A cool, wet spring has Wyoming’s growing season off to a sluggish start. Ken Hamilton with the Wyoming Farm Bureau says some crops—like corn and sugar beets—were planted as much as three weeks later than usual. He says hay production has also been hurt by all the precipitation.
The floods in Colorado could cause a spike in hay prices, which could be good and bad news for Wyoming ranchers.
Many Colorado ranchers lost their season’s hay supply in the deluges that swept across the eastern plains. And that means many Colorado ranchers will likely turn to Wyoming hay producers to feed their livestock through the winter, if they have livestock left to feed.
Brett Moline with the Wyoming Farm Bureau says this might cause the price of hay to rise on the market.
Wyoming is reporting better hay production numbers than last year, but much of the state is still under-producing.
Last year, 2012, was one of the worst years for hay in Wyoming’s recent history, due to drought and sustained high temperatures. The news is better this year, with producers predicting a 4%increase in yield, thanks to better rainfall early snows.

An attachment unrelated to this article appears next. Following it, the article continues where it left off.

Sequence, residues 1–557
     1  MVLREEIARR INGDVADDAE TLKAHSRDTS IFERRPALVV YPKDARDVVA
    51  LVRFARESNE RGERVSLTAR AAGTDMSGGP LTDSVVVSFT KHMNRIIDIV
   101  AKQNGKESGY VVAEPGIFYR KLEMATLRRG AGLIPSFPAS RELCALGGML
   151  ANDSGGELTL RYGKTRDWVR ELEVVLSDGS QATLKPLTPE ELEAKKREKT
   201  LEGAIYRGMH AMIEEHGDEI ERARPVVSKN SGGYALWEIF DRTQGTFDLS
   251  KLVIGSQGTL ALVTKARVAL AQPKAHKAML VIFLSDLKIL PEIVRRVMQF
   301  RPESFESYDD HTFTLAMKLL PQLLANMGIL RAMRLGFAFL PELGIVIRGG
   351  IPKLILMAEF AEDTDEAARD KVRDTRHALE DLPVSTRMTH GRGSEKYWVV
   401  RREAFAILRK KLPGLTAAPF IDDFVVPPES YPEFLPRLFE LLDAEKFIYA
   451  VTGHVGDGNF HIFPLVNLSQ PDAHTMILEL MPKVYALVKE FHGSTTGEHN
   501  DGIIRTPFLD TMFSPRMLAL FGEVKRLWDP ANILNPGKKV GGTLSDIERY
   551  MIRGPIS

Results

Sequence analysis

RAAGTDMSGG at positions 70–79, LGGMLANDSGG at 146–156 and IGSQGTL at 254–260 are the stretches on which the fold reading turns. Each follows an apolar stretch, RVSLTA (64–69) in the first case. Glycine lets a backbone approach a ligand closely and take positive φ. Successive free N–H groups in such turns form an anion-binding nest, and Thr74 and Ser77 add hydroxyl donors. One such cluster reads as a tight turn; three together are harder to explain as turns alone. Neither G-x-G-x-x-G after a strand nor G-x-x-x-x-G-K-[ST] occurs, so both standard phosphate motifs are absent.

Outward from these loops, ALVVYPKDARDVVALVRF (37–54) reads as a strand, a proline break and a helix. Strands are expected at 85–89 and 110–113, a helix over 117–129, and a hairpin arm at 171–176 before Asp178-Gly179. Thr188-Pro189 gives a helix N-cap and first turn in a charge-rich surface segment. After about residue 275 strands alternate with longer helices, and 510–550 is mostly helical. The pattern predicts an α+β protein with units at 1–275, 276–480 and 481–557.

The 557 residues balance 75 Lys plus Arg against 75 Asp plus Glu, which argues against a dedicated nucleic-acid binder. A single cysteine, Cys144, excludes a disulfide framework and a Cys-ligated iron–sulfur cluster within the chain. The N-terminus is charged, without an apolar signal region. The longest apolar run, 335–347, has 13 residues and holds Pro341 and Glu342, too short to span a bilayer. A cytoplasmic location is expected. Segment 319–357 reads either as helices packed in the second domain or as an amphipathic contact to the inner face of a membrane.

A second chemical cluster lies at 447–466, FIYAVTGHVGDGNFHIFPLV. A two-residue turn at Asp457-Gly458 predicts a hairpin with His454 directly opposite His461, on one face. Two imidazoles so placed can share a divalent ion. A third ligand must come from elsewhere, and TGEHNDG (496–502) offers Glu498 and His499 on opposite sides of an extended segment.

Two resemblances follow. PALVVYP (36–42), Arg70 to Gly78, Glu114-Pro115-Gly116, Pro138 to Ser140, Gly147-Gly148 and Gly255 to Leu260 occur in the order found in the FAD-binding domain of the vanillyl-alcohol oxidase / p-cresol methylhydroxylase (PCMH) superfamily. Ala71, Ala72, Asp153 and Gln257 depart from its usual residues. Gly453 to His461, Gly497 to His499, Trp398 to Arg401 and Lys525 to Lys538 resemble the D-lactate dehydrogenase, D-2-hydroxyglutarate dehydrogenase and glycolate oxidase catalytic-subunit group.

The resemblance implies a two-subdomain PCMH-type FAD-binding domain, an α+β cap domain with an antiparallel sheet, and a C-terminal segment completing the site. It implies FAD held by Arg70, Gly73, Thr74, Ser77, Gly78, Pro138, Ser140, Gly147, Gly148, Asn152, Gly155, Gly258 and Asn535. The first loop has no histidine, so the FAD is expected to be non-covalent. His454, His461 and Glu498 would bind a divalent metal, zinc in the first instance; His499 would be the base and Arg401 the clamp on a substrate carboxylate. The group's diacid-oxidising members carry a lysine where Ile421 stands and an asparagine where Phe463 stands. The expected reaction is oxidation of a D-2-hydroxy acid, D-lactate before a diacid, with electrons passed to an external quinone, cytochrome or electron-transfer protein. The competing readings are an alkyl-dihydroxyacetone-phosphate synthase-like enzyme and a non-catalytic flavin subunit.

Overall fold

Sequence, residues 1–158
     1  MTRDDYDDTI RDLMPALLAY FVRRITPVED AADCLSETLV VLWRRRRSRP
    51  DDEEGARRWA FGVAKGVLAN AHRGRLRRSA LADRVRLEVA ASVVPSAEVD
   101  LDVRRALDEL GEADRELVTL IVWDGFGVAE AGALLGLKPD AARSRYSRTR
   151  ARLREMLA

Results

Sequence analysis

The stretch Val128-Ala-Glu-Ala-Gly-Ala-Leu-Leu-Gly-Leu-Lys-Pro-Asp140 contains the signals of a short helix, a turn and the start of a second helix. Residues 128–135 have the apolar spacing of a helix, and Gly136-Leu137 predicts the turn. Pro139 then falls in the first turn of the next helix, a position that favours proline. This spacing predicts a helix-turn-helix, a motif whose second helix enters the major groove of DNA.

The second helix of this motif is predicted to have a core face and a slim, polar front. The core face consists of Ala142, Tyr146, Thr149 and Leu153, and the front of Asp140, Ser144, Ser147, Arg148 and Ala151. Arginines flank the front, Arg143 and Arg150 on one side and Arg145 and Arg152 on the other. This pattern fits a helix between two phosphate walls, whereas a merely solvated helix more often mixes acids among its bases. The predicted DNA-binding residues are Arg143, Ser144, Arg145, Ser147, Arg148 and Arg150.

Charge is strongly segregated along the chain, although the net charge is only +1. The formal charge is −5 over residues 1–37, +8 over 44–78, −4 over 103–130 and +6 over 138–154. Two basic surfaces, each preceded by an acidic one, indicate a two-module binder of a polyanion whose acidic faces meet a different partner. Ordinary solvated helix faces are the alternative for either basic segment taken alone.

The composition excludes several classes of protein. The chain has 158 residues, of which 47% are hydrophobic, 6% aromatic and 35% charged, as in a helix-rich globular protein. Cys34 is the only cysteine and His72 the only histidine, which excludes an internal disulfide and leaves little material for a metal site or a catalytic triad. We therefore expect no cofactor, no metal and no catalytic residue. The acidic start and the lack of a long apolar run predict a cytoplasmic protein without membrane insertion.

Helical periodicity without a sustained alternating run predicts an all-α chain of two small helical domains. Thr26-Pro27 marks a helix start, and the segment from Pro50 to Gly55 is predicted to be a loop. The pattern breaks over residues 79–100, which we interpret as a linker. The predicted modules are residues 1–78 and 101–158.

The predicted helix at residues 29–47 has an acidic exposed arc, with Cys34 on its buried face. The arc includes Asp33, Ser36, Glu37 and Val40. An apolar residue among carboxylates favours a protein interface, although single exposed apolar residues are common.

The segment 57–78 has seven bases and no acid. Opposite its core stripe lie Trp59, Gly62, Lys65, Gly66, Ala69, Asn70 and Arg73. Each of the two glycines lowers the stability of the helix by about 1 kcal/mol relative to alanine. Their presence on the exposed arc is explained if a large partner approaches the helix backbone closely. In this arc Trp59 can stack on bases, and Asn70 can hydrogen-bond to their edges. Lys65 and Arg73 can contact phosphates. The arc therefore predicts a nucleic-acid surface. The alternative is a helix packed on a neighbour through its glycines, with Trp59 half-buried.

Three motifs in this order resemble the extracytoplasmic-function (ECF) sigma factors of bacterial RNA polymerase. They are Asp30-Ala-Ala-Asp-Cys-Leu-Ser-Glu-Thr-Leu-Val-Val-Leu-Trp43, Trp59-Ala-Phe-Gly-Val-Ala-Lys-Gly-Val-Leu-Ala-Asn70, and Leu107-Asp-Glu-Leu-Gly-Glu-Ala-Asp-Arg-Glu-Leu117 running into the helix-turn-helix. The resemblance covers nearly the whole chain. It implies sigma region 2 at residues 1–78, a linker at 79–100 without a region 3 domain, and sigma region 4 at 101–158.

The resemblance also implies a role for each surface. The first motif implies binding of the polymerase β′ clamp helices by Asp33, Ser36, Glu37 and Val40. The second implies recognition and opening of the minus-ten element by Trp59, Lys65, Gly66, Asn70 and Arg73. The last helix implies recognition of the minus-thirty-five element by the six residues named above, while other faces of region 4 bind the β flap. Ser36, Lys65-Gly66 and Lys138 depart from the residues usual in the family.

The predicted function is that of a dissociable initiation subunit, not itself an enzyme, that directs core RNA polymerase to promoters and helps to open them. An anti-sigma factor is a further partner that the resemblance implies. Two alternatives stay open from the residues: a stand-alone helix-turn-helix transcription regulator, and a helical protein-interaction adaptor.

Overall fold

The Natural Resources Conservation Service is warning that the warm, dry weather this spring could drive up winter hay prices.
Wyoming’s snowpack is less than 30 percent of average, and Water Supply Specialist Lee Hackleman says farmers who get their water by diverting streams and rivers will be left high and dry.
“There’ll be a lot of people who will probably get their first cutting irrigated but won’t have any water for their second cutting,” Hackleman said. “So there’s liable to be a hay shortage again this winter.”